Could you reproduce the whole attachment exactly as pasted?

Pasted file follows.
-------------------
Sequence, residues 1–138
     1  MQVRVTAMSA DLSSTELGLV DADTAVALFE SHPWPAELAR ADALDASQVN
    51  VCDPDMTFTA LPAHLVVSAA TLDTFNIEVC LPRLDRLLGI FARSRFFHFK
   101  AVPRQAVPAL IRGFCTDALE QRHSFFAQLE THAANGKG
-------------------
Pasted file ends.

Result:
Sequence, residues 1–138
     1  MQVRVTAMSA DLSSTELGLV DADTAVALFE SHPWPAELAR ADALDASQVN
    51  VCDPDMTFTA LPAHLVVSAA TLDTFNIEVC LPRLDRLLGI FARSRFFHFK
   101  AVPRQAVPAL IRGFCTDALE QRHSFFAQLE THAANGKG